the patented triangular shank burs, and the ProDrive handpieces. The unique
product offering revolutionizes dental handpieces improving instrument cut
speed, control and precision. ProDrive products have an engaged triangular
drive system, an innovative locking turbine and bur design that outperforms
outdated friction grip handpiece design.

"On the heels of a successful American launch in Q1 & Q2 2009, we saw a
great opportunity to introduce our products to the Canadian market,² Richard
St-Pierre, President & CEO of ProDrive Systems. ³We are proud to have
partnered with blue chip industry brands to develop and manufacture such a
revolutionary product, and now our Canadian distribution agreement with the
market leader, Patterson, is another indication of our growth and progress.
We¹re proud to be working with the Patterson team to bring these products to
Canadian dentists.²

Andre Desjardins, CEO Patterson Canada adds, "Our ProDrive field trials
demonstrated valuable clinical benefits to the dentist and we are proud to
be ProDrive¹s exclusive reseller partner in Canada. Patterson Canada has a
legacy of successfully introducing new products to the North American market
and we look forward to an important and lasting partnership with ProDrive."


About ProDrive Systems
ProDrive Systems Inc. is a dental technology firm that is poised to
revolutionize dentistry technology and practice with a patented ProDrive
Triangular Bur and Turbine System that improves the performance of dental
handpieces and enhances practice efficiency. Visit www.prodrivesystems.com
for more information.

Wednesday, September 02, 2009

OSAP Announces Call for Abstracts

Annapolis, MD: August 27, 2009 - The Organization for Safety & Asepsis Procedures (OSAP) has announced a call for abstracts for their 2010 Annual Symposium, which will be held June 10-13, 2010 in Tampa, Florida. The Symposium will feature leading experts on infection control and occupational health and safety sharing information of critical concern to dental professionals and others involved in dentistry.

Abstracts may be submitted in the categories of Infection Control, Occupational Safety and Health, Environmental Science, and Other (a category that includes analysis of policy development and implementation, new analysis of existing research, meta-analysis or synthesis from existing studies of the above, and behavioral studies [including intervention studies] of utilization or adoption of practices by dental personnel). Researchers are encouraged to read OSAP’s Workshop Proceedings regarding the Dental Infection Control Research Agenda (www.OSAP.org) for suggestions on research topics.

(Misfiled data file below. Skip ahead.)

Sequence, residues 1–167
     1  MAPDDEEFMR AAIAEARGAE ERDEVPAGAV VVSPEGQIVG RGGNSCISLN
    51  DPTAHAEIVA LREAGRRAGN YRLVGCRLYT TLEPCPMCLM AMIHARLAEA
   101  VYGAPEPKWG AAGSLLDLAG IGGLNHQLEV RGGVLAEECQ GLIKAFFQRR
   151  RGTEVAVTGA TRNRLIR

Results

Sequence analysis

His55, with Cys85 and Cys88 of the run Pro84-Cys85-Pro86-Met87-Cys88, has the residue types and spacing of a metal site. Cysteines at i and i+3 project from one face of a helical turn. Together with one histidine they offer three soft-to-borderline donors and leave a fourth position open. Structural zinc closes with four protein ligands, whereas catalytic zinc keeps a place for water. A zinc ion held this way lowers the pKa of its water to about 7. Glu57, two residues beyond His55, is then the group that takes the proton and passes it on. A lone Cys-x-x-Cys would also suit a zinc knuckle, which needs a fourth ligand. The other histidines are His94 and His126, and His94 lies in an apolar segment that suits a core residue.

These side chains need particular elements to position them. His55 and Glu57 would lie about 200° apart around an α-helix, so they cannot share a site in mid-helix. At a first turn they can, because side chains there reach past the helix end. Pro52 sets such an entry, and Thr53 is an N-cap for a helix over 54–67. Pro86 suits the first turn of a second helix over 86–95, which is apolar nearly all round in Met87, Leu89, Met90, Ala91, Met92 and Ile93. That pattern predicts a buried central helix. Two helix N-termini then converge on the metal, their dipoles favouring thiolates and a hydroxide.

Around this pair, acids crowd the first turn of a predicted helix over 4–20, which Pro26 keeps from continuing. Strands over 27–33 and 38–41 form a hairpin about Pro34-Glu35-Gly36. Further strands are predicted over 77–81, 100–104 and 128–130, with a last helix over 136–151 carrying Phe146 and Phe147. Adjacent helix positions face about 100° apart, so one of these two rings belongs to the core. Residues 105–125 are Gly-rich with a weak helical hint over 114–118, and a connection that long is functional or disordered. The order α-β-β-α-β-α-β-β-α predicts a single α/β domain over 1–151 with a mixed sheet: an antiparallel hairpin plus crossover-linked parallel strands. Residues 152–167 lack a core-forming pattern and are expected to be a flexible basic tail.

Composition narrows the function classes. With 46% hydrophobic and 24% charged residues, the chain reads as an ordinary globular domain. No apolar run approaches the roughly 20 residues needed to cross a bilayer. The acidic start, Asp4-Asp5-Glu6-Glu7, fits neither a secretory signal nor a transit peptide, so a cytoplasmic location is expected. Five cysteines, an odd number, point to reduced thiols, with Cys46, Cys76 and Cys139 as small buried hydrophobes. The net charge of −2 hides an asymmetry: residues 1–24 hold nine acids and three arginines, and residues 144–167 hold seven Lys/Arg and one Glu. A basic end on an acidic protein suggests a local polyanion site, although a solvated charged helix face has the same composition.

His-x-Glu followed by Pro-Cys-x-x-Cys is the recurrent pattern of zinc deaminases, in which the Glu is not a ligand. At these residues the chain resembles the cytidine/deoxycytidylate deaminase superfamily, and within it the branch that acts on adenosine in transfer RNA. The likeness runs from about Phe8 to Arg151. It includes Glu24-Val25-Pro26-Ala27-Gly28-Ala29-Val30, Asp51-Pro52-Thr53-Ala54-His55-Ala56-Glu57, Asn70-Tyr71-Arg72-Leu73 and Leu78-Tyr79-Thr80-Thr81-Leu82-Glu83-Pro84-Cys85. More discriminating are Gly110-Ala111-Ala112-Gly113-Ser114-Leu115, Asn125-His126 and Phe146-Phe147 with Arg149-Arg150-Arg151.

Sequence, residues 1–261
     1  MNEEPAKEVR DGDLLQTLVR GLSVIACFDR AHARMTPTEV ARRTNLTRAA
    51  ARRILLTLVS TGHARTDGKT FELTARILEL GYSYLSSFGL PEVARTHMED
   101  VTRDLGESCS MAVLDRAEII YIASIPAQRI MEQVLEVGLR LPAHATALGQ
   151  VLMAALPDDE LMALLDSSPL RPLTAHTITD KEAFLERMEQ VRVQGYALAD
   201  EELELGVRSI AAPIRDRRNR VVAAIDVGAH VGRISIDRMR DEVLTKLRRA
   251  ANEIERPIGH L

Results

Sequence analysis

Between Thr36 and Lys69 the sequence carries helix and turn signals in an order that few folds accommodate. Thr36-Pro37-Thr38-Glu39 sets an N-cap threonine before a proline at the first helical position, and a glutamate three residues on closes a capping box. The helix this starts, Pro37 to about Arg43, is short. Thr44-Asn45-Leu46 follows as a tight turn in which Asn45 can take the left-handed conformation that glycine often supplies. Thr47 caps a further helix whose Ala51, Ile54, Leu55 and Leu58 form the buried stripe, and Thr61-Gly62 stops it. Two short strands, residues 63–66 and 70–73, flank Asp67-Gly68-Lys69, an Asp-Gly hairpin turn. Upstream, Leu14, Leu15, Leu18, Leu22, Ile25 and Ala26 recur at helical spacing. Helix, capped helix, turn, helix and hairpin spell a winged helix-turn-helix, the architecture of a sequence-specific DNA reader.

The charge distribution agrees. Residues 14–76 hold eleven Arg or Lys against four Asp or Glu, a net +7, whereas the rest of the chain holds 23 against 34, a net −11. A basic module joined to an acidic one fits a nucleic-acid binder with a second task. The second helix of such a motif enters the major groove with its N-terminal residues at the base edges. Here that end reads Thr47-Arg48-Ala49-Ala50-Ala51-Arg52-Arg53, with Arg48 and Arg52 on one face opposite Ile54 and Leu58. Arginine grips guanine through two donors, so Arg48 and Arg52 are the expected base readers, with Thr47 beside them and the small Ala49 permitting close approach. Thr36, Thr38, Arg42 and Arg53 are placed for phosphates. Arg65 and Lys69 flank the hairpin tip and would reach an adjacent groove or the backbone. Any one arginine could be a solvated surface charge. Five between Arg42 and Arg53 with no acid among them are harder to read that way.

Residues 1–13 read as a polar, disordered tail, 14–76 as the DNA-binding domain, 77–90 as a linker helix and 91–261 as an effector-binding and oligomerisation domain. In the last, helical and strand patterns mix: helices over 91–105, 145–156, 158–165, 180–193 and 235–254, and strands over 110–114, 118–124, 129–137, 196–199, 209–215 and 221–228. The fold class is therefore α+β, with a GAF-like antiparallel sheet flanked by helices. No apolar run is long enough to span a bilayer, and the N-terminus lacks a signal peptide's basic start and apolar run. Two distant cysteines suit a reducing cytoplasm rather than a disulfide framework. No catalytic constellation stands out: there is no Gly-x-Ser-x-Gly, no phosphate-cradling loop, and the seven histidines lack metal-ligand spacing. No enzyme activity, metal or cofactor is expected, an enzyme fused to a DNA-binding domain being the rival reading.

All submissions must be received at the OSAP Central Office no later than March 1, 2010. OSAP is offering mentorship prior to the submission deadline. For more information or Symposium registration information, call 800-298-OSAP (6727) or visit www.osap.org.

OSAP is the Organization for Safety and Asepsis Procedures. Founded in 1984, the non-profit association is dentistry's premier resource for infection control and safety information. Through its publications, courses, website, and worldwide collaborations, OSAP and the tax-exempt OSAP Foundation support education, research, service, and policy development to promote safety and the control of infectious diseases in dental healthcare settings worldwide.

Tuesday, September 01, 2009

ADA To Release NEw HIPAA Compliance Kit

The ADA will release in January 2010 a new Complete HIPAA Compliance Kit for Dentists that will feature updated HIPAA Privacy and Security information and incorporate HITECH changes. In addition, it will include a three-year update service assuring a resource that covers all pending changes. The kit will be available for purchase at www.adacatalog.org.

Hopefully this will include information on the new HIPAA on what you would need to do if patients health care information has been exposed in a security breach.